When training for sparring, most students strive to be the strongest and fastest fighter around. However, this level is difficult to maintain at all times, and there is always someone who is stronger and faster, so this strategy is not very effective. Military history shows that battles are often won, not by the biggest or fastest army, but by the commander who has the best strategy. The best strategy is to have multiple strategies to deal with different circumstances. This is what Sun Tzu meant when he wrote "Through the combination of direct and indirect attacks countless strategies are conceived."
The following strategies are part of The Thirty-Six Strategies. These ancient strategies, first published in the Ming dynasty, have long been a part of China's common folklore and are studied by both the military and the political elite.
Use the same feint twice. Having reacted to the first and often the second as well, the enemy will be hesitant to react to a third feint. Therefore, the third feint is the actual attack catching your enemy with his guard down.
Do the unexpected. As the 16th century Japanese sword master Musashi once wrote, "If the enemy expects fire, give him rain." Most combinations attack high-low-high-low or vice versa. Opponents tend to expect this rhythm. Take advantage of this expectation and change the rhythm.
Never directly attack a well entrenched opponent. Instead lure him away from his stronghold and separate him from his source of strength.
When an counter attacker stays well guarded and waits for your attack, you are foolish to attack directly. An opponent always exposes a target when attacking and an observant counter fighter can hit that target before the attacker is within position to do damage. This defensive strategy is difficult to penetrate, so one must entice the opponent into action by showing a obvious weakness in your false attack. Then, when you launch your true attack, you know where the counter attacker is going to strike.
Encourage your enemy to expend his energy in futile quests while you conserve your strength. When he is exhausted and confused, you attack with energy and purpose.
When facing an opponent who is confident and aggressive and who also has lots of energy, the best method is to allow him to exhaust his or her energy, while you conserve your own. Once the opponent has exhausted his or her strength, you may move in quickly for the finish.
When you cannot detect the opponent's plans, you launch a direct, but brief, attack and observe your opponent's reaction. His behavior will reveal his strategy. A seasoned warrior knows this strategy well and will not reveal his true intentions. But the inexperienced, nervous of making a mistake, will over-react to feints and will thus reveal their intentions.
This strategy uses a feint to test the opponent's defenses. Quickly close the distance as though attacking, and then stop just out of range, and watch opponent's reaction. There are only three defensive strategies from which to choose: intercept, jam and block, or evade and counter. The intercept method is favored by the tall fighter with a long reach who may strike before the attacker is close enough to hit the fighter. The jam and block method is favored by the stocky, strong fighter who may stop all incoming attacks. The evade and counter is favored by the fragile, but agile, fighter who jumps away from an attack and then jumps back in to score. Each method has its strengths and its weaknesses. Once you know which strategy your opponent favors, you simply employ its counter.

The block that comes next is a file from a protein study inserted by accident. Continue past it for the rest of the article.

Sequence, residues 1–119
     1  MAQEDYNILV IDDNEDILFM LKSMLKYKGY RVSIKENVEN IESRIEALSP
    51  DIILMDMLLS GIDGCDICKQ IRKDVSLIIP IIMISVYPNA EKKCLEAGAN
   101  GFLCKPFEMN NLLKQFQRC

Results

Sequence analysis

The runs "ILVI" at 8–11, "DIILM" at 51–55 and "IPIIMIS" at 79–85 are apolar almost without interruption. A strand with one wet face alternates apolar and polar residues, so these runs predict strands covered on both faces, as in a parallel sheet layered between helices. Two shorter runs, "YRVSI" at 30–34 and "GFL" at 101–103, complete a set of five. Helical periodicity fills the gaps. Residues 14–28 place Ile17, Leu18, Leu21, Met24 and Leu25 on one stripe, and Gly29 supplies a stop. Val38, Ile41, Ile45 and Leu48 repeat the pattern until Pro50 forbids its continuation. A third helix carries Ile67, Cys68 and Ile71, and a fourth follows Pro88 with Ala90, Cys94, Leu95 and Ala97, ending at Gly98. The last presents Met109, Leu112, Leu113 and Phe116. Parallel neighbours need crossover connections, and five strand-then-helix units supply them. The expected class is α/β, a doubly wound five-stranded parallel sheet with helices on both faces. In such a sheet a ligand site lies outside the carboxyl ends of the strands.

For the intercept fighter, take away the reach advantage.
When faced with an enemy too powerful to engage directly you must first weaken him by undermining his foundation and attacking his source of power.
Japan's famous swordsman Miyamoto Musashi calls this strategy "injuring the corners," and advises that "When you cannot risk coming in close to your opponent because of his strength or reach, then attack what is within your reach." The idea is to attack the attacker's hands, arms, or legs and wear the opponent down through multiple injuries. Use hard blocks that cause enough pain to cause your opponent to reconsider attacks.
For the jam and block fighter, use feints. While blocking feints, he will be left open to attack.
Create an expectation in the enemy's mind through the use of a feint. If you plan to attack on the right flank, maneuver your left. Where the enemy expects you to attack he will reinforce. When he does so half his army or more is thus neutralized defending nothing. Then with your full strength you attack his remaining forces.
Your first move, the feint, is not intended to score. Opening moves are usually easily detected and thus have little chance of scoring. While opponent is reacting to the first attack, the second attack may score.
For the evade and counter fighter, use confusion to slow his reaction.
Before engaging your enemy's forces you create confusion to weaken his perception and judgment. Do something unusual, strange, and unexpected, this will arouse the enemy's suspicion and disrupt his thinking. A distracted enemy is thus more vulnerable.
Use distraction to upset opponent's concentration. Use eye feint or misdirection to draw opponents attention and then attack.